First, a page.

Augustine of Hippo or simply St. Augustine was an important 4th century philosopher. He was instrumental in developing Western Christianity through his writings and teachings. He mixed Greek philosophy with Judeo-Christian religious traditions to form Neoplatonism.
He helped develop the descriptions of just war and original sin. He is a saint in several Christian religions from Roman Catholic to Calvinism to Protestant to the Anglican Communion to the Eastern Orthodox Church.
St. Augustine was born in 354 C.E. in the Roman Provence of Numidia which is in present-day Algeria. His mother was Monica. She was a devout Christian and a large influence on him throughout his life.
His father was Patricius who was a pagan that converted to Christianity on his deathbed. St. Augustine is believed to be a Berber and his family’s name suggests that they were freedmen of the Roman Empire. Although St. Augustine was a Berber his family spoke Latin.
As a child St. Augustine attended school at Madarus, a small Numidian town close to his birth place. He studied Latin literature along with pagan beliefs and practices. At age 17 years old he continued his studies in Carthage.
While in Carthage he had an affair with a woman. This affair would last more than 15 years and his mistress gave birth to his son Adeodatus. During this time period St. Augustine decided to follow the doctrine of Manichaean instead of Christianity.
By all accounts St. Augustine was a super student and was eager to learn. He never was able to master the Greek language but was an expert in Latin. While studying in Carthage he read Hortensius by Cicero. He was enthralled by Cicero’s writing of finding the truth.
At age 20 years old he moved back to his birth place and opened a school. He left for Carthage the following year where he opened a school. He taught there for nine years until he moved to Rome in 383 C.E.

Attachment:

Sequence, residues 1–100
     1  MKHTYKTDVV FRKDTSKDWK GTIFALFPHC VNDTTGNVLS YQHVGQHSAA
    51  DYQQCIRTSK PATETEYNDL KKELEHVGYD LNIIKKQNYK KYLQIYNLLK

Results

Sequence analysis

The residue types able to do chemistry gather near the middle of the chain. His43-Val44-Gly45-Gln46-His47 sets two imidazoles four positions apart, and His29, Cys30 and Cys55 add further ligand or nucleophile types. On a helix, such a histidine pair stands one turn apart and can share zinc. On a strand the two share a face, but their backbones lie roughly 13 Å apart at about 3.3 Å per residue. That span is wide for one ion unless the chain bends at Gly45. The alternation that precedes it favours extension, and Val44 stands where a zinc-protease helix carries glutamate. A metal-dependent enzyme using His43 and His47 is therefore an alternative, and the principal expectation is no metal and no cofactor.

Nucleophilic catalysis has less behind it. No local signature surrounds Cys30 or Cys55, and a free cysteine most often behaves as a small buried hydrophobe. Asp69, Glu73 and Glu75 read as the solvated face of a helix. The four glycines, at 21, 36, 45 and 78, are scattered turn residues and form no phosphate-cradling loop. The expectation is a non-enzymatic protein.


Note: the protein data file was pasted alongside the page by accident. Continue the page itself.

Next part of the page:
The following year he was appointed to a prestigious teaching position in Milan. This teaching position usually led toward some type of political career. But although St. Augustine had spent ten years as a Manichaean he was still at the lowest level of hierarchy and considered an auditor.
While teaching in Milan he was urged to convert to Christianity several times by his mother. His studies also turned him towards Christianity. In 386 C.E. St. Augustine converted from Manichaean to Christianity. He was baptized along with his son by his longtime associate Ambrose in 387 C.E.
St. Augustine’s mother died in the same year. He decided to move back to the family home in Africa. After arriving back in Africa his son would pass away.
St. Augustine abruptly sold everything and gave the money to the poor except the family house. He converted the family house into a monastic foundation for friends and himself.
St. Augustine was ordained a priest in 391 C.E. for the region known as Hippo Regius in Africa. He continued upward in the Church and was made the Bishop of Hippo in 395 C.E.
He worked continuously trying to convert people to Christianity while living in Hippo. He created a stunning cathedral and library during his time as bishop. In 430 C.E. the Vandals laid siege on Hippo.
He died in August 430 C.E. and the Vandals lifted their siege. But they would return shortly after and burn the city with the exception of the cathedral and library. St. Augustine was canonized by Pope Boniface VIII in 1298 C.E.
During his time as a priest St. Augustine’s sermons were legendary. More than 350 of his sermons have been preserved. After he became Bishop of Hippo he wrote one of his most famous pieces of philosophy entitled Confessions in 398 C.E. His book called The City of God was written after the Visigoths invaded Rome between 413 thru 426 C.E. Another important piece of work was On Christian Doctrine which was completed in 426 C.E.
Original sin and just war
The City of God, The Christine Doctrine, and Confessions